Its unemployment rate is the highest in the nation. Hit harder by the housing crisis than any other state in the country, Nevada has ranked first nationally in foreclosures per housing unit in every quarter since at least the beginning of 2007.

Further tipping the scales in Mitt Romney's favor were the state's early GOP caucuses, which presumably generated some enthusiasm for Romney as their winner, and the nation's third largest concentration of Mormons.

See all of ABC News battleground states in our Electoral States of America map HERE

And yet polls have shown President Obama with a narrow lead there. Why?

The state's demographics give Obama a structural advantage. In 2008, more than 25 percent of the vote was cast by non-whites, and Obama carried 94 percent of the African-American vote and a whopping 76 percent of the Latino vote. While turnout could drop off from 2008, Obama figures to perform well among these groups again in 2012--and Latinos account for 27 percent of Nevada's population, making it fifth among states in Latino concentration.

In 2010, Democrats narrowly avoided a demoralizing loss in Nevada, when Senate Majority Leader Harry Reid staved off a competitive challenge from tea partier Sharron Angle.

This year, Rep. Shelley Berkley is challenging Republican Sen. Dean Heller. Democrats thought Nevada to be a strong pickup opportunity in a presidential year, but Berkley has faced a congressional ethics investigation over advocacy for a kidney clinic that benefited her husband, but the race remains close, and polls have showed Heller leading.

CURRENT UNEMPLOYMENT RATE: 11.8 percent in September

TREND SINCE OBAMA TOOK OFFICE: Nevada currently ranks first in state unemployment--with a higher rate than the 9.6 percent it reported when Obama took office--and things have been getting worse. After dipping to 11.6 percent in May and June, the rate climbed to 12 percent in July and now sits at 11.8 percent. Nevada's unemployment peaked at 14 percent in Oct. 2010.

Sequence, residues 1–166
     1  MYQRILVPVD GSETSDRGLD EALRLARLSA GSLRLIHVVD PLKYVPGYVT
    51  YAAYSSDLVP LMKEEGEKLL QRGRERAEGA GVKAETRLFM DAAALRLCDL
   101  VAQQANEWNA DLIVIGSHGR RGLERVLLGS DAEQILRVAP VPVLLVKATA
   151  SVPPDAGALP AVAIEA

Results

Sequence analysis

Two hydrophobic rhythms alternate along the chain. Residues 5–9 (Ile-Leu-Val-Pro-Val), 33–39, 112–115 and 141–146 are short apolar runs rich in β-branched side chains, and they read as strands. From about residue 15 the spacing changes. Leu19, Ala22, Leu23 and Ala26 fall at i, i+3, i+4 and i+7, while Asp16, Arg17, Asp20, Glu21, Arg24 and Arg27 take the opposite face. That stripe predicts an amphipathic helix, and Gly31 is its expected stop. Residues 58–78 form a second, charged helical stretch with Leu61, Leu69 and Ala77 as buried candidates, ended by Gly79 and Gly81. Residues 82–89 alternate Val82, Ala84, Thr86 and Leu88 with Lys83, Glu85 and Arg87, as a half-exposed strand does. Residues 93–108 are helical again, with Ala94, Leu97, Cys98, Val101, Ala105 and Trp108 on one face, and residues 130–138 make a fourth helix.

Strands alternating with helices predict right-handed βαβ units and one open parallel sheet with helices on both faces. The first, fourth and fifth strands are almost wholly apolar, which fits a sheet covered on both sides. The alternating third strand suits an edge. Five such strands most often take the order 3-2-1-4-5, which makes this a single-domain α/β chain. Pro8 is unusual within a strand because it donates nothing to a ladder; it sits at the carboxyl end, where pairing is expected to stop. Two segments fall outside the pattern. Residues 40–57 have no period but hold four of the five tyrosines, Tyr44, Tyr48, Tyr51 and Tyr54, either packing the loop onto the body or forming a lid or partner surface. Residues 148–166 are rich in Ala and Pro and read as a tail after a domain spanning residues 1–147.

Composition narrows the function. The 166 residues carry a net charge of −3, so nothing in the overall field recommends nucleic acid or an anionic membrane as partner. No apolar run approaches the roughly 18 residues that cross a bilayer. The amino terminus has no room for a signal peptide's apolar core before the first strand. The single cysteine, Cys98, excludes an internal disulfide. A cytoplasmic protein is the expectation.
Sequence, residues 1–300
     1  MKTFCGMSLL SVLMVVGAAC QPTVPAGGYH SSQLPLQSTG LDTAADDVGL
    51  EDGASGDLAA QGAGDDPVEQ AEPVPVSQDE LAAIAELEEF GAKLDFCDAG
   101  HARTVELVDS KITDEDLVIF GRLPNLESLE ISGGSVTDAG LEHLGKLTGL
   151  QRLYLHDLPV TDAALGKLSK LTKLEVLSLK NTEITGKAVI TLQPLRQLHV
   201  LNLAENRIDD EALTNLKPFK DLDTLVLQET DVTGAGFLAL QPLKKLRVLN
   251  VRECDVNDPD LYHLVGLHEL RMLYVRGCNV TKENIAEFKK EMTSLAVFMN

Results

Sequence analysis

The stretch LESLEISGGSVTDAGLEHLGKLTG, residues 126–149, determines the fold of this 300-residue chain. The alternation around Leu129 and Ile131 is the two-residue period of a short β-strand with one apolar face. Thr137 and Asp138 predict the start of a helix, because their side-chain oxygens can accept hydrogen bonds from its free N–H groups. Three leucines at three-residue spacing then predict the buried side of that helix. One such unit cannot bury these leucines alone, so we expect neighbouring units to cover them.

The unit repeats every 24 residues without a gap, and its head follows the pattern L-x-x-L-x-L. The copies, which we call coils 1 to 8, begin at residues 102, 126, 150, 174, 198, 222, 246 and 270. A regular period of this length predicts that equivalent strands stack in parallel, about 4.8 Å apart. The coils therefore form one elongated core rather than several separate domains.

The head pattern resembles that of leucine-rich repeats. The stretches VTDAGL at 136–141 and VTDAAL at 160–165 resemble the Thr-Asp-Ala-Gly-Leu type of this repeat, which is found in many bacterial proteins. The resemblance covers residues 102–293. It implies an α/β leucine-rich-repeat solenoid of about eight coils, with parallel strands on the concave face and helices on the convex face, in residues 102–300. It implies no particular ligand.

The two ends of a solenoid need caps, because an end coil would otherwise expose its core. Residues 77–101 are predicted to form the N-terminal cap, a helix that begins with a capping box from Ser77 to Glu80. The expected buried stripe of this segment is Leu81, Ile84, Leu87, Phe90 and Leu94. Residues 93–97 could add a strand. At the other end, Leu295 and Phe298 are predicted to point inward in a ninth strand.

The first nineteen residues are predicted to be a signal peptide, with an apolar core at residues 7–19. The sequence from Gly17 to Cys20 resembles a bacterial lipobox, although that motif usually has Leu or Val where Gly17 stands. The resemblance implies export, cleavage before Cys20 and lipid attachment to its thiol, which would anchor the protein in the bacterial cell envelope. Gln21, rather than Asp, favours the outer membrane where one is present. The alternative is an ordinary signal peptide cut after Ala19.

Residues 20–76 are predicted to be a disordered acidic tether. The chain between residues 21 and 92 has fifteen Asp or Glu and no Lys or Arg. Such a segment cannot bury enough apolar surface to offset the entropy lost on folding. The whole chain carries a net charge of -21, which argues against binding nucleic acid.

CURRENT FORECLOSURE RATE: One in every 496 housing units in September, according to RealtyTrac


2011: $48,927 2008: $58,833


Democrats: 520,638 Republicans: 434,313 Independents: 216,722 Independent American Party: 57,578 Libertarian: 8,358 Green: 1,181 Other: 6,760


2,723,322 in 2011, according to the U.S. Census Bureau's estimate


White: 77.7 percent Black: 8.6 percent Asian: 7.7 percent Hispanic: 27.1 percent

See other battleground state profiles here: NORTH CAROLINA, PENNSYLVANIA, VIRGINIA

The western prize and an edge for Romney


A growing Hispanic population and a slate of recent Democratic successes bode well for President Obama in this westward battleground, but a high unemployment rate presents a significant challenge.

In 2008, Obama became only the third Democratic presidential candidate to carry Colorado since 1952; Lyndon Johnson won in 1964 and Bill Clinton won in 1992 (though it bears noting that Independent candidate Ross Perot captured 23 percent of the vote in Colorado in 1992.)

Trends indicate that Obama's victory in the state wasn't a fluke. In recent years, Democrats have had a lot of success in the state. In 2004, Democrats won control of the state legislature, and in 2006 the party expanded its majorities to the state House and the state Senate.

Democrats also had a relatively good year in 2010. Incumbent Senator Michael Bennett won a tough re-election against tea party-er Ken Buck, and Democrats held onto the governor's mansion when former Denver mayor John Hickenlooper won.

One of the major reasons for the Democrats' success appears to be the growing Hispanic population. Today, roughly 14 percent of all eligible voters in Colorado are Hispanic, according to the Pew Research Center. Obama carried the Hispanic vote by a large margin in 2008 and polling in this cycle has consistently shown him with double digit leads over Mitt Romney.

Check out the 'Electoral States of America' Battleground states map with latest polls and info HERE

But Colorado is far from a sure thing for Democrats. The state boasts a strong Republican presence, and, perhaps more importantly, the unemployment rate has been sizable- 8 percent, slightly higher than the national average, as of Sept. 2012.

The question mark in Colorado is the Independent vote. Voters registered as "unaffiliated" are numerous in Colorado, equal to the total number of registered Democrats and Republicans in the state. And there's some question as to whether they will break for either candidate or if they'll split their votes among Romney, Obama and third party candidate Gary Johnson, the former governor of New Mexico who is also on the ballot. Like Perot in 1992, the Johnson factor could have a real impact on the final results.

Here are some key statistics about Colorado.


8 percent as of September 2012